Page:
Nepal, officially the Federal Democratic Republic of Nepal, is a landlocked country in South Asia and the world’s youngest republic. It is bordered to the north by the Peoples Republic of China, and to the south, east, and west by the Republic of India. With an area of 147,181 square kilometres (56,827 sq mi) and a population of approximately 30 million, Nepal is the world’s 93rd largest country by land mass and the 41st most populous country. Nepal is a developing country. Nepal is called the “land of the Gods”.
Kathmandu is the nation’s capital and the country’s largest metropolitan city.
Nepal is a country of highly diverse and rich geography, culture and religions. The mountainous north contains eight of the world’s fourteen highest mountains, including the highest, Mount Everest (8848m). The fertile and humid south is heavily urbanized. By some measures, Hinduism is practiced by a greater majority of people in Nepal than in any other nation. Buddhism, though a minority faith in the country, is linked historically with Nepal as the birthplace of Siddhartha Gautama who as the Buddha Gautama gave birth to the Buddhist tradition. About half of the population live below the international poverty line of US$1.25 a day.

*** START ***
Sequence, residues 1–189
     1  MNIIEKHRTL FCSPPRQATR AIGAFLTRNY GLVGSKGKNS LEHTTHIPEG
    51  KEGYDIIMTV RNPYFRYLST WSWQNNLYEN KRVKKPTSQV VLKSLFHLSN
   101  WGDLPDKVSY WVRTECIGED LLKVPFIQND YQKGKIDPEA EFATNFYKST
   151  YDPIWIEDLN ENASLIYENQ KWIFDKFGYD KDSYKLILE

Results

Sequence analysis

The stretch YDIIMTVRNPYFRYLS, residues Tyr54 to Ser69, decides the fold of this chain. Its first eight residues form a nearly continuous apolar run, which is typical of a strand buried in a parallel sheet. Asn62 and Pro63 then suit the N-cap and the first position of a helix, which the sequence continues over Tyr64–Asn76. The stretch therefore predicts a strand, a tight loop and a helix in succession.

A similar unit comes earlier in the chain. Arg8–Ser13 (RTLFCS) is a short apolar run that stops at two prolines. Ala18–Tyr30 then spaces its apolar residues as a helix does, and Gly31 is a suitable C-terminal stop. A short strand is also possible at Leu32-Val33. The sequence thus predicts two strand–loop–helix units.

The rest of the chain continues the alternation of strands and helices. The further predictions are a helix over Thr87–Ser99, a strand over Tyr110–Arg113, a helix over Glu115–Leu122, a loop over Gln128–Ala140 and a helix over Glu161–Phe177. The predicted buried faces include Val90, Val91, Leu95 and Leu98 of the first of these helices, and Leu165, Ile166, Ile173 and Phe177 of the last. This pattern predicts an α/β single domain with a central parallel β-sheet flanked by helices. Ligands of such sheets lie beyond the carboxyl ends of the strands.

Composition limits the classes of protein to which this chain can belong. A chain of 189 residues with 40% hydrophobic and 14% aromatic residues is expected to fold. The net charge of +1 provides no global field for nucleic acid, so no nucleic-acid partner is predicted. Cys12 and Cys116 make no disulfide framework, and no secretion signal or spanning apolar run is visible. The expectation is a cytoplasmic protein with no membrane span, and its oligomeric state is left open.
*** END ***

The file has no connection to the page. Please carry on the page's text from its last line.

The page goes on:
A monarchy throughout most of its history, Nepal was ruled by the Shah dynasty of kings from 1768, when Prithvi Narayan Shah unified its many small kingdoms. However, a decade-long People’s Revolution by the Communist Party of Nepal (Maoist) along with several weeks of mass protests by all major political parties of Nepal in 2006, culminated in a peace accord and the ensuing elections for the constituent assembly voted overwhelmingly in favor of the abdication of the last Nepali monarch Gyanendra Shah and the establishment of a federal democratic republic in May 28, 2008. The first President of Nepal, Ram Baran Yadav, was sworn in on 23 July, 2008.
Geography of Nepal is uncommonly diverse. Nepal is of roughly trapezoidal shape, 800 kilometres (500 mi) long and 200 kilometres (125 mi) wide, with an area of 147,181 square kilometres (56,827 sq mi). See List of territories by size for the comparative size of Nepal.